Pantry Shelf, a popular family-owned grocery business in downtown Hazard, is going solar, and will save thousands each year on energy bills.
The grocery, known for its handmade donuts, has been in operation at their downtown storefront since 1967. Pantry Shelf owner Susan Brotherton said energy savings in the face of ever-increasing bills are essential to serving the Perry County community well into the future.
“With everything from walk-in freezers to pizza ovens and donut fryers running seven days a week, 365 days a year, from 5 in the morning to 11 at night, our bills are high,” said Brotherton. “Add to that Kentucky Power increasing our rates year after year, solar just makes sense for our small business.”
The Mountain Association, a non-profit with offices in Berea, Hazard and Paintsville, and Berea College helped Pantry Shelf apply for $17,800 through the USDA Rural Energy for America Program (REAP). In addition to grant application support, the Mountain Association assisted Pantry Shelf with technical details and bids for the solar system design, and provided an affordable solar loan to cover the remainder of the project after any grants and federal tax credits.
The system, which is expected to save the store $4,650 per year, was installed by HOMES, Inc. in December 2020.
Brotherton, who began working in the store in 1982, eventually taking over from her father, employs 13 people. She has added employees by continually investing in improvements to her store that are noticed and appreciated by her customers. This includes a major gutting and remodel in 2016.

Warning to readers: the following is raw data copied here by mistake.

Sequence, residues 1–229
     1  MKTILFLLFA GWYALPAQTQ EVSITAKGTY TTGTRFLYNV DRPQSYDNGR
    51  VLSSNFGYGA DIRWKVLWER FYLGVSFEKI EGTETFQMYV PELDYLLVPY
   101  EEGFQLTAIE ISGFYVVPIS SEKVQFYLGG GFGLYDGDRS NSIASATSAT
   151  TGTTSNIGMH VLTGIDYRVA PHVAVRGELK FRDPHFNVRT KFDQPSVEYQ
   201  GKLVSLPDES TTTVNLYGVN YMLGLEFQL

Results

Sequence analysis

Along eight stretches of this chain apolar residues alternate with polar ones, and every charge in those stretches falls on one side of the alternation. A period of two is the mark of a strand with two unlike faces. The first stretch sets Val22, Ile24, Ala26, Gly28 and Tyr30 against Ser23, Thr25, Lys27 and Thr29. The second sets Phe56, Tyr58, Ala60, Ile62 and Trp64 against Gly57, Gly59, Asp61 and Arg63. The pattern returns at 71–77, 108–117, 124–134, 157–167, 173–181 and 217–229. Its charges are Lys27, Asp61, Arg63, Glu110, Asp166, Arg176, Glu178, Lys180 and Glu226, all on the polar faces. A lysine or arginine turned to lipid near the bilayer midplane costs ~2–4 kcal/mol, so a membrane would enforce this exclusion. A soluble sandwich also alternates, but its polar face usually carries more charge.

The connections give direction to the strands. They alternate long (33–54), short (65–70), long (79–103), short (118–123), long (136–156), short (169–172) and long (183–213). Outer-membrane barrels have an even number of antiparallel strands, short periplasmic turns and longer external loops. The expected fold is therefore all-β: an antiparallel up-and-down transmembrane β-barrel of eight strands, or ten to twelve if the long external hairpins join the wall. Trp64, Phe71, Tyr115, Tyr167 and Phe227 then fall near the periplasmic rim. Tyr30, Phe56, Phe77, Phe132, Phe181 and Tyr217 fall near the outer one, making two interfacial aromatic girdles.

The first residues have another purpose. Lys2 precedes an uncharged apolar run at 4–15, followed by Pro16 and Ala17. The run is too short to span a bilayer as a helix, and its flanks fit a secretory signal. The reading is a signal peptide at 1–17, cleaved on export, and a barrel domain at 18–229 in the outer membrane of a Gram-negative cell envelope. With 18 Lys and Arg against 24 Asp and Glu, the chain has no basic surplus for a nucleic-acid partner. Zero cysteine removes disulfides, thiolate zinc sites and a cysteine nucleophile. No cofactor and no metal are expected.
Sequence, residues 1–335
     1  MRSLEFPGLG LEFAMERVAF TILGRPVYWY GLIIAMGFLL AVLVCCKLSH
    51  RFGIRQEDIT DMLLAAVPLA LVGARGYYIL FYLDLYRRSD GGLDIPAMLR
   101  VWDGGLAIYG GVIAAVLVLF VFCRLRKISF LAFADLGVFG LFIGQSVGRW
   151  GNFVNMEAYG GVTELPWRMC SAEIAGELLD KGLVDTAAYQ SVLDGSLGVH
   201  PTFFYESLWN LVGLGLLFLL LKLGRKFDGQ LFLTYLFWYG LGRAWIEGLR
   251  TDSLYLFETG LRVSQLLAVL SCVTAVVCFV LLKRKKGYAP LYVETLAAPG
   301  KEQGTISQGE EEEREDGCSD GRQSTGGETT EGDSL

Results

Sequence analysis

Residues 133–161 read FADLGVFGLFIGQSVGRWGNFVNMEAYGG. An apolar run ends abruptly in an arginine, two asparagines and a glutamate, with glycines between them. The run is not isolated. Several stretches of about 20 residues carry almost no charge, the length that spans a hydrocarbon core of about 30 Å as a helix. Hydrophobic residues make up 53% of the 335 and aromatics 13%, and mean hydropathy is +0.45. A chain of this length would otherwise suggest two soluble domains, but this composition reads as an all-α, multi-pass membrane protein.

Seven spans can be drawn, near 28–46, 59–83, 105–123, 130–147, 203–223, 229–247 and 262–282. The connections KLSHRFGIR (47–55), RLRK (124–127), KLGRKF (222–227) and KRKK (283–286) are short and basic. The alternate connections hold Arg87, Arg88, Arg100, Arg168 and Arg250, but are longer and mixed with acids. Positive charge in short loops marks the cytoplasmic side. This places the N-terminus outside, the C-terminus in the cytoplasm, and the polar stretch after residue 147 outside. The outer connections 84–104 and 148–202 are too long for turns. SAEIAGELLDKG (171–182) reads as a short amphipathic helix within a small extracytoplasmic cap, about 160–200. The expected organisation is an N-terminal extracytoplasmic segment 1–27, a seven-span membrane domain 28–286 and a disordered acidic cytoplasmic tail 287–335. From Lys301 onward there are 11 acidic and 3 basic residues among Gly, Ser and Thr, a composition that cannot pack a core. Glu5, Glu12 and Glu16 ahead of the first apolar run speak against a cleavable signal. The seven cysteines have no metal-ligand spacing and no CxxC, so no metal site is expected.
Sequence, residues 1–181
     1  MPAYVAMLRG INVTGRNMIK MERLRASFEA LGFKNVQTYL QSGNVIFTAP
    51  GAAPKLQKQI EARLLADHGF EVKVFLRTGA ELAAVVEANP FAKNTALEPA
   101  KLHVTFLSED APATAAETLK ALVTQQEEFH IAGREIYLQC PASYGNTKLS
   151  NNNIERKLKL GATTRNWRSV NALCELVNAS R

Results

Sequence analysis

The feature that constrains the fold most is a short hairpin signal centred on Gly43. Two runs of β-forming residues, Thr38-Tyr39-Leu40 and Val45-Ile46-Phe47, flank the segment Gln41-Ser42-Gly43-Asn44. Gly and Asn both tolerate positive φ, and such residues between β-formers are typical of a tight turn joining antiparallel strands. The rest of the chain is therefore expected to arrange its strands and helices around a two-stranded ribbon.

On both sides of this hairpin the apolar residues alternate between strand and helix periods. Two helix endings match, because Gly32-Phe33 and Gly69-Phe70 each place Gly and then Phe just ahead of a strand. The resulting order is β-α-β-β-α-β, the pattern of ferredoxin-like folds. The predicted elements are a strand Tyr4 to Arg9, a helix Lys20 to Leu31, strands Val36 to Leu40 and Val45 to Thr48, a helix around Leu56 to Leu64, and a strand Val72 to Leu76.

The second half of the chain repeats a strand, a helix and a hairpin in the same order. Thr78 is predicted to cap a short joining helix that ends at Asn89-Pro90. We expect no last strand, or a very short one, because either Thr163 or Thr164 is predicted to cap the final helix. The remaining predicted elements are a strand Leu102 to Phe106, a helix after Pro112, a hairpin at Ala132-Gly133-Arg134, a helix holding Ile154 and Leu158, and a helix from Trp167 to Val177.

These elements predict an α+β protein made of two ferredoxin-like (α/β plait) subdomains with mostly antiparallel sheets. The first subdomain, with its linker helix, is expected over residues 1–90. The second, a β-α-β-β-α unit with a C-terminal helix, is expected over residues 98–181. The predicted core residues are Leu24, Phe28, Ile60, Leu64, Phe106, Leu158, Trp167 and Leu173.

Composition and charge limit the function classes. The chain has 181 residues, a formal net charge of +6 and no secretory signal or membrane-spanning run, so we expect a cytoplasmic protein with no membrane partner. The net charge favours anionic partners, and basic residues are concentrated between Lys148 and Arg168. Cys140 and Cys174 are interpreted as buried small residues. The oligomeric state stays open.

“I just love downtown and I want to do anything I can to improve my business. I think solar also makes my business and downtown more attractive to younger generations,” Brotherton, who is also a city commissioner, said.
With Pantry Shelf being the first building downtown to add solar panels, she said she hopes the project inspires more Hazard businesses to invest in their buildings and furthers revitalization efforts downtown.
“Many businesses and organizations in Eastern Kentucky are investing in solar as a way to save. Over the past two years, in Letcher County alone, we’ve worked with eight businesses and nonprofits to install solar,” Carrie Ray, Mountain Association Energy Program Coordinator said.
“These projects are realizing important savings for organizations and businesses that are providing vital goods and services. Because Kentucky Power has increased rates by more than 30 percent in recent years, the solar savings will stabilize their bills in the face of more rate changes currently being proposed.”
The Public Service Commission is currently processing another rate case for Kentucky Power, which if approved, would be their third rate increase in five years. The case also includes significant changes to solar net metering rates that would make solar less affordable by substantially decreasing the current credit solar customers receive.
The Mountain Association encourages any business or organization that is interested in energy savings to contact them about their free energy services. Apply here to get started.